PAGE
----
Product details 336 pages Putnam Publishing Group - English 9780399154751 Reviews:
"Publishers Weekly Review" by , "At the start of this quietly funny, slightly mysterious novel of discovering one's roots from bestseller Fowler (The Jane Austen Book Club), 29-year-old Rima Lanisell visits her estranged godmother, Addison Early, in Addison's house by the sea, Wit's End, in storied Santa Cruz, Calif. Addison, the wildly successful but cautiously private author of the Maxwell Lane mysteries, was once the girlfriend of Rima's recently deceased father, Bim, for whom a character in the series is named. For each novel, Addison first constructs a dollhouse diorama that depicts what will be the principal murder scene, but her upcoming novel and its dollhouse are uncharacteristically delayed. By weeding through decades-old correspondence with eccentric fans and the contemporary channels of online forums, Rima slowly discovers the truth behind Addison's novels and that Rima herself is a topic of interest among Maxwell Lane devotees. As Fowler analyzes our modern-day relationship to novels and writers' relationship to their readers, the line between fiction and reality blurs — real people become characters in another's blog as fictional characters become real to the fans that fetishize them. Author tour. (Apr.)" Publishers Weekly (Copyright Reed Business Information, Inc.)
"Review" by , "[A] mystery that's barely a mystery but is every bit an absorbing and funny novel....[I]nsightful and engaging."
"Review" by , "Fowler's clever insights eventually sink in as more profound than they initially seemed."
"Synopsis" by , The author of The Jane Austen Book Club presents another highly inventive novel — one that ensnares readers in cunning deceptions, challenging them to separate the truth from fiction.
"Synopsis" by ,
"[A] delightful and eccentric new tale"(The Boston Globe) from the author of the runaway bestseller The Jane Austen Book Club

In Karen Joy Fowler's newest novel, the bestselling author of The Jane Austen Book Club once again delivers top-notch storytelling, creating characters both oddball and endearing in a voice that is utterly and memorably her own. Wit's End is a clever, playful novel about finally allowing oneself to grow up-with a dash of mystery thrown in.

At loose ends and weary from her recent losses-the deaths of an inventive if at times irritating father and her beloved brother-Rima Lansill comes to Wit's End, the home of her legendary godmother, bestselling mystery writer Addison Early, to regroup...and in search of answers. For starters, why did Addison name one of her characters-a murderer-after Rima's father? But Addison is secretive and feisty, so consumed with protecting her famous fictional detective, Maxwell Lane, from the vagaries of the Internet that-rumor has it- she has writer's block. As one woman searches for truth, the other struggles to control the reality of her fiction.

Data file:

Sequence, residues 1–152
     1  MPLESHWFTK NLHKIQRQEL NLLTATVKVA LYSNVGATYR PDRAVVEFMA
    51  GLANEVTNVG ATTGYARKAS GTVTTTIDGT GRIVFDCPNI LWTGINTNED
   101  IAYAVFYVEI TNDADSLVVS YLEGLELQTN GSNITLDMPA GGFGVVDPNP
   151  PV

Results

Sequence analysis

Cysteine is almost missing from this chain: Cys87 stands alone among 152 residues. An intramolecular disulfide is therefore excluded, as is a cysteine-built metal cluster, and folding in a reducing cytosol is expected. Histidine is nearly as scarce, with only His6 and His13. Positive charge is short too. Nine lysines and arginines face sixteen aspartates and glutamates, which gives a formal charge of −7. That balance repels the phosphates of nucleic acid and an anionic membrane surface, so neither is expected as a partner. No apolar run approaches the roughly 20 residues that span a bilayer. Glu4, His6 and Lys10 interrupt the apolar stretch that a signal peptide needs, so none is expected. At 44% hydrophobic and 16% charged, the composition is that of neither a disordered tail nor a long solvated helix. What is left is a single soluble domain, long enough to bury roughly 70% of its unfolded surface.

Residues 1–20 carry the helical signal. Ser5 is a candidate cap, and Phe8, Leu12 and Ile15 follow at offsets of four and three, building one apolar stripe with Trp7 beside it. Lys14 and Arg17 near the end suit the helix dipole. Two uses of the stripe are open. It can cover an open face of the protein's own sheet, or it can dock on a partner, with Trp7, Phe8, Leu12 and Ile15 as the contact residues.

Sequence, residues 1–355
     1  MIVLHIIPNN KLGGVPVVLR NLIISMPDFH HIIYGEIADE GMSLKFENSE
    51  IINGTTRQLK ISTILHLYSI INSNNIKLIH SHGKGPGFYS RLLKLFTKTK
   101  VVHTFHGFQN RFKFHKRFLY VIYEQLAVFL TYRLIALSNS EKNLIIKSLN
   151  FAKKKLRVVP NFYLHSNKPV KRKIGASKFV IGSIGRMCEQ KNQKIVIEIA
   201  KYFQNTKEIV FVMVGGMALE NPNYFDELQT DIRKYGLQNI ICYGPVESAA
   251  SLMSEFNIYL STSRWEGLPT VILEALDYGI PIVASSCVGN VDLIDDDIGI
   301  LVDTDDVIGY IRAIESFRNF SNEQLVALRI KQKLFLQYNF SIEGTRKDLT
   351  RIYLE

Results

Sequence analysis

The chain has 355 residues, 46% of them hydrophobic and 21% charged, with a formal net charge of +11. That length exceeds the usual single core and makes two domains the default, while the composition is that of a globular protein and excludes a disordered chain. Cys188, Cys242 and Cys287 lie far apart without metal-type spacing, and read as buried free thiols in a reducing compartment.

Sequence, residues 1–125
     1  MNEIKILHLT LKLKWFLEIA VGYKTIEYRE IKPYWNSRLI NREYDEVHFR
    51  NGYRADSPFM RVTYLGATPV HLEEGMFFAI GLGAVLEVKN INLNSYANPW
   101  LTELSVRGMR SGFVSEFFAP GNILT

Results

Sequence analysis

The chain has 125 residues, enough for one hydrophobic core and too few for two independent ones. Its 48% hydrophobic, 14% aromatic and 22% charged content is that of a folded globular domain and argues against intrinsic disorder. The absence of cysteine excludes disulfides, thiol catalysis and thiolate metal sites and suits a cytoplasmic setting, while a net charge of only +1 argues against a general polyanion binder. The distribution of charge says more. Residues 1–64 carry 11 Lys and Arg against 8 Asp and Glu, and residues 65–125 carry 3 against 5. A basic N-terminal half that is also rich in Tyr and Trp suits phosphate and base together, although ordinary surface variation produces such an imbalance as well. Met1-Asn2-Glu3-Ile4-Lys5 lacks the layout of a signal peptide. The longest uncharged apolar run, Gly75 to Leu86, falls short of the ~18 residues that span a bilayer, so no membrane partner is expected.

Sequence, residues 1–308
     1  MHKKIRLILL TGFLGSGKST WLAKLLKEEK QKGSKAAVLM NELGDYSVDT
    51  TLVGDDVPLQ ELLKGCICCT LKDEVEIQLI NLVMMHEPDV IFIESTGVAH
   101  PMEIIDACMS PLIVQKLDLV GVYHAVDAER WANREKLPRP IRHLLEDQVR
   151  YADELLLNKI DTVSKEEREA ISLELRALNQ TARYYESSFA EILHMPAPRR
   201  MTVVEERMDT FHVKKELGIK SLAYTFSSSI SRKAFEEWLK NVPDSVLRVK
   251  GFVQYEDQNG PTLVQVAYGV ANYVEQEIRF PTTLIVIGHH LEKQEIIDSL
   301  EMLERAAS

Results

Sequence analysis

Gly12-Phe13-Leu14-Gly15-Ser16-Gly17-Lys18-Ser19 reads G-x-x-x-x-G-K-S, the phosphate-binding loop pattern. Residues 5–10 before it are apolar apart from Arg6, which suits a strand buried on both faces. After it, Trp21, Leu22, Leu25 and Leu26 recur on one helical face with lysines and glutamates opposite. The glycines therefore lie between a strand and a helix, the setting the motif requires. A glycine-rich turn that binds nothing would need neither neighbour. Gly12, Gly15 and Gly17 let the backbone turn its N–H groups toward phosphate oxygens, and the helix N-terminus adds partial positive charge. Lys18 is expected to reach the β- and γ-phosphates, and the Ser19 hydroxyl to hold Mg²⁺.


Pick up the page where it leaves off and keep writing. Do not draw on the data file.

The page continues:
Rima soon becomes enmeshed in Addison's household of eccentrics: a formerly alcoholic cook and her irksome son, two quirky dog-walkers, a mysterious stalker, the tiny characters that populate Addison's dollhouse crime-scene replicas, and even Maxwell Lane himself. But, wrapped up in a mystery that may or may not be of her own creation, Rima discovers to her surprise that the ultimate solution to this puzzle is the new family she has found at the house called Wit's End.

Playfully exploring the blurred boundaries between reality and virtual reality, fiction and fact, Karen Joy Fowler subverts the whodunit and gives us a thoroughly modern meta-mystery with wit, warmth, and heart.

"Synopsis" by , If you loved The Jane Austen Book Club, yo‛ll revel in Wi‛s End, a sly and clever novel of mystery, intrigue, and virtual reality.

Wi‛s End is many things: a quest novel—a young woma‛s search for the truth about her dead fathe‛s past; a mystery—the story of a long-ago murder in which that father might have been complicit; and a game—one that ensnares readers in cunning deceptions, challenging them to separate the true from the fictive.

Set in contemporary Santa Cruz, the novel centers on Rima Lanisell, a young woman at loose ends, having just lost her father to cancer. (Rima seems to lose people and things habitually— sunglasses and car keys, lovers and family members.) Now she has come to coastal California at the behest of her godmother, Addison Early, who once knew Rim‛s father well. Perhaps too well. Rima is on a mission to discover just what that relationship was really about.

Addison, a bestselling mystery writer, is secretive and feisty. Over the years, she has tried to protect her work and her privacy as her passionate fans have become ever more intrusive. In this age of the Internet, with its blogs, chat rooms, websites, its Wikipedia, false personas, and hidden identities, those fans have begun to take over the plot lines and the life of her famous fictional detective. For many, he is more real than Addison herself. So Wi‛s End is also a highly inventive take on the way dedicated readers appropriate their favorite books, perhaps the one act of theft applauded the world over—except by authors.

Above all, Wi‛s End is Karen Joy Fowler at her most subversive and witty, creating characters both oddball and endearing in a voice that is uniquely and memorably her own.